(Gertrude at Memorial Hospital)
      Back in the 1920s there were no nursing schools in North Dakota, Sawyer says, so nursing students learned right in the hospital. In 1924 Sawyer graduated from the Saint Luke's program as a registered nurse.
      "They really put us to work," she says. "The doctors lectured us a great deal." After working for a few years at Saint Luke's, Sawyer decided she was going to use her summer to travel a bit see some other parts of{he country, and enhance her nursing education. "I intended to go to Michigan to take a class, but in June of 1930 I decided to nurse at Yellowstone (National Park)," Sawyer says. "I treated a lot of bear injuries and burns from mud geysers."
      Sawyer enjoyed her Yellowstone experience and wanted to return the next summer, but her brother-in-law, who lived in Puyallup, telegrammed Sawyer that her sister had suffered a heart attack. Sawyer traveled by train from Wyoming to Tacoma, and after nursing her sister back to health, worked for a short time in homes as a private nurse. Private nursing wasn't really Sawyer's cup of tea, so when Tacoma General Hospital needed a charge nurse, Sawyer applied for the job. After a time Sawyer heard Sedro-Woolley [Memorial Hospital] was looking for a head nurse. She came up to Skagit County to have a look around. Sawyer says she liked the little logging town located at the foot of the North Cascades. "I loved it," she remembers. "I wouldn't have changed it for anything."
      In December of 1930 Sawyer moved to Sedro-Woolley and discovered the townsfolk were as nice as the town. "The people made me feel at home," she says. Being head nurse in Sedro-Woolley meant more than supervising other nurses and keeping track of nursing schedules. "I planned meals, bought groceries, bought (prescription) drugs and was on call day and night," Sawyer says. "We all had a lot of extra things to do. I often wondered how I accomplished everything I did, that there w4e enough hours in the day."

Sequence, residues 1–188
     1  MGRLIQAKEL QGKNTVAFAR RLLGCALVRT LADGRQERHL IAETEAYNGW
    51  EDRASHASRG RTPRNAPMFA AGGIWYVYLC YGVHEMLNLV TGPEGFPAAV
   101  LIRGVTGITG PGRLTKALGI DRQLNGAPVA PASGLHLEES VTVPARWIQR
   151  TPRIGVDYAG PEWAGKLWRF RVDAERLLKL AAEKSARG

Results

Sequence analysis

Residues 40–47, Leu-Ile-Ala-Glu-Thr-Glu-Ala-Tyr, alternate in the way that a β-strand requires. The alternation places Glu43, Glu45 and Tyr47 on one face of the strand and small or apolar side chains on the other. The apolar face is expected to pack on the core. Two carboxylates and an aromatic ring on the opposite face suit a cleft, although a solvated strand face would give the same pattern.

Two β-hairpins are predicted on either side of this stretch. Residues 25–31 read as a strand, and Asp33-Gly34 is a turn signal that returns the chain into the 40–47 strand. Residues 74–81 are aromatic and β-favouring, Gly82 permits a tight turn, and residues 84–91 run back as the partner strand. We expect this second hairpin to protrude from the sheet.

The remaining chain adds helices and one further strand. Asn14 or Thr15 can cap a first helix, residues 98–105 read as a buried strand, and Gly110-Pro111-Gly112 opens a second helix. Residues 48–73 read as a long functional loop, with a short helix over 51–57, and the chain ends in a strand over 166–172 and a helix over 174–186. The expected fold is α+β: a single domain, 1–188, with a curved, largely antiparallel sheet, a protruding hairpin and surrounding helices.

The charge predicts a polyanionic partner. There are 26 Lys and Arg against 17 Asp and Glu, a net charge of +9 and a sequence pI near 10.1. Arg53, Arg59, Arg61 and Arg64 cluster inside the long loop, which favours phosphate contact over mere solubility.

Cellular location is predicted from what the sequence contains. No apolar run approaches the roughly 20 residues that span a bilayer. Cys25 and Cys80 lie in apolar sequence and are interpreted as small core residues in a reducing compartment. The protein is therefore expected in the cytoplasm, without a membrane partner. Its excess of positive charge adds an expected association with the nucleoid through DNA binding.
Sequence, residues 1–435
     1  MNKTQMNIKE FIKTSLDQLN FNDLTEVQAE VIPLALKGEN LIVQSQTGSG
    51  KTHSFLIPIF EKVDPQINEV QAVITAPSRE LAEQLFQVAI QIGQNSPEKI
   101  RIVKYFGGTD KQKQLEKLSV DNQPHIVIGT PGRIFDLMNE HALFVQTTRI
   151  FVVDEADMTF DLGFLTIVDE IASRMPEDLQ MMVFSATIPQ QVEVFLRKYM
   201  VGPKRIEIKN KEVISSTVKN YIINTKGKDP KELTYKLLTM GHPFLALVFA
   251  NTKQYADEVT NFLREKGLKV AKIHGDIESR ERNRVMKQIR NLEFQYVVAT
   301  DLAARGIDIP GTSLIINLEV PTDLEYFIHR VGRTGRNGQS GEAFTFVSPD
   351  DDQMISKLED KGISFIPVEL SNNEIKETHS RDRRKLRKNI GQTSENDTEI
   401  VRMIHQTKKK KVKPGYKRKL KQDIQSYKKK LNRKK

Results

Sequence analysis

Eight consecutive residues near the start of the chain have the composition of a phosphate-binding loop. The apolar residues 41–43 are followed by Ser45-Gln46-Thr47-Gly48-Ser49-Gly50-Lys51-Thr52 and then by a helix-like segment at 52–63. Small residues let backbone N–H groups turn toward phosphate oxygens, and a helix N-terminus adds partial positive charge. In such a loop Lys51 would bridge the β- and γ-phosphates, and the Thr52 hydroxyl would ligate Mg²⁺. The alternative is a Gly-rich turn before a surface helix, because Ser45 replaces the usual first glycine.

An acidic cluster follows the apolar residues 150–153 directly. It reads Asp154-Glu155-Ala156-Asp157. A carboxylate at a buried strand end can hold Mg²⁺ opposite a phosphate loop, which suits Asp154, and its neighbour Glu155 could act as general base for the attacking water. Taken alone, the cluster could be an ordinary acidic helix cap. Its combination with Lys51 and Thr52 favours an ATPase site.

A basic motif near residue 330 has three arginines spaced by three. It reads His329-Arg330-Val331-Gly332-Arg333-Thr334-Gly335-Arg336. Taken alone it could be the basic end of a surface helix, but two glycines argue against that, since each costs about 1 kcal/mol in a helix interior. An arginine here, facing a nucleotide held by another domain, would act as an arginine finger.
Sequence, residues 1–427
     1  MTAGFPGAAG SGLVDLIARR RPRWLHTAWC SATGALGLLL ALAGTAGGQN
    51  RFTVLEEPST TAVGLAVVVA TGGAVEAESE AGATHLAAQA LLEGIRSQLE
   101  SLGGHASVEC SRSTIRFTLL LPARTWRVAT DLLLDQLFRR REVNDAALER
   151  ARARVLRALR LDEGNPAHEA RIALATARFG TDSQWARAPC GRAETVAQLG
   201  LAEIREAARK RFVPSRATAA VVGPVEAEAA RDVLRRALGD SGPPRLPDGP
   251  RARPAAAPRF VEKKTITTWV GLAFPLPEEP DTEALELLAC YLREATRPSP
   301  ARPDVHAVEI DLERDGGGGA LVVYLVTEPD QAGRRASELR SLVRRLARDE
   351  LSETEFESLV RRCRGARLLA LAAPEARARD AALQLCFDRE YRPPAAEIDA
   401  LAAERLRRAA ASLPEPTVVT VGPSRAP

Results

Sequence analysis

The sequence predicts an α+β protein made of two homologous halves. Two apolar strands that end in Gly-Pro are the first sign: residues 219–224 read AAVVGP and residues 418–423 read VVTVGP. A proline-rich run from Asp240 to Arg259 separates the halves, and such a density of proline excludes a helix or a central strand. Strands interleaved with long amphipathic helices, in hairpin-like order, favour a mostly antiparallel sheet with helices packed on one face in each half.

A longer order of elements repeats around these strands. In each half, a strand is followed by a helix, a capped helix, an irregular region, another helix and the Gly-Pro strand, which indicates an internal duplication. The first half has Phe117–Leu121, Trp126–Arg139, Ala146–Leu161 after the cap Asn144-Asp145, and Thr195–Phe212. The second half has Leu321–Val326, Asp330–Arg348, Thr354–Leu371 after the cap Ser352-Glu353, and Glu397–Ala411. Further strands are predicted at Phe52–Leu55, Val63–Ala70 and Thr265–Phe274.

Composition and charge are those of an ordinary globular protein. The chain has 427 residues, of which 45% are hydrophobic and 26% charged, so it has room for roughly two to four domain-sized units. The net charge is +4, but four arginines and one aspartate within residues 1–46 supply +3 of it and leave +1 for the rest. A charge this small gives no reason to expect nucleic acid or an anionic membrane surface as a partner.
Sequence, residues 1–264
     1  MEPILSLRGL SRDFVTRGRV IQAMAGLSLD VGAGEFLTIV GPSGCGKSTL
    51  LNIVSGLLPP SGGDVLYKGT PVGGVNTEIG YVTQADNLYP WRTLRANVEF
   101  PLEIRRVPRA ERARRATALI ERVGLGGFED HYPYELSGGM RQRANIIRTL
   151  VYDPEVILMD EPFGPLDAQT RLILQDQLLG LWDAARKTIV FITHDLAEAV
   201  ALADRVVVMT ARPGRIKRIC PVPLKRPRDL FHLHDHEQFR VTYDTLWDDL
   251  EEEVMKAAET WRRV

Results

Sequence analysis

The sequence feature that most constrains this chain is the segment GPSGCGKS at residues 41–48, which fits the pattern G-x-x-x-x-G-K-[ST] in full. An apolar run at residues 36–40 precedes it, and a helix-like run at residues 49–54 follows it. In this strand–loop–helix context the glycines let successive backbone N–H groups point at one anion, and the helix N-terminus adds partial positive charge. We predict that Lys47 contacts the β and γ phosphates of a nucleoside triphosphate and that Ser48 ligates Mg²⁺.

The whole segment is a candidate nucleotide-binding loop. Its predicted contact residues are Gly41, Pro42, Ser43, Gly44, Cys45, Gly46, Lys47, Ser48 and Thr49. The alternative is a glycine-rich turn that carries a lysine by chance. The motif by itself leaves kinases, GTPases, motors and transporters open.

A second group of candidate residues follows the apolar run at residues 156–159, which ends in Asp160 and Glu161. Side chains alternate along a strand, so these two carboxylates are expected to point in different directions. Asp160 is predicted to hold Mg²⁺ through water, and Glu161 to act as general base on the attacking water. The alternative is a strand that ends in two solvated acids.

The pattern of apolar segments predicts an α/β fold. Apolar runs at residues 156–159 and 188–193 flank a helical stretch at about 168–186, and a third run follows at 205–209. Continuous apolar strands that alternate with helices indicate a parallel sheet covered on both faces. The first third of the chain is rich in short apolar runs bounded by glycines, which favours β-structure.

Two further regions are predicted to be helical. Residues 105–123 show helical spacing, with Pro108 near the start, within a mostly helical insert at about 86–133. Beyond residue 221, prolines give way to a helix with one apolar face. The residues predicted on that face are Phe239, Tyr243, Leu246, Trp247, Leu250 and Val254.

(Gertrude older)
      After Sawyer settled in at Memorial Hospital her parents came out to visit. Her father and her mother loved the town as much as she did. In 1936, Sawyer's parents turned the homestead over to one of Sawyer's brothers, and moved to Sedro-Woolley.
      When her parents bought a house, Sawyer saved on rent by moving into one of the bedrooms. In addition to giving Sawyer a roof over her head, her parents' house provided her with a marriage. "I met my husband in the back yard," Sawyer says. "He lived across the street."
      Sawyer says she and her husband Henry never really traveled much; they enjoyed living in Sedro-Woolley and didn't see much cause to visit elsewhere. Henry Sawyer died a few years back, a heart attack victim, an affliction that Gertrude Sawyer says seemed to run in his family.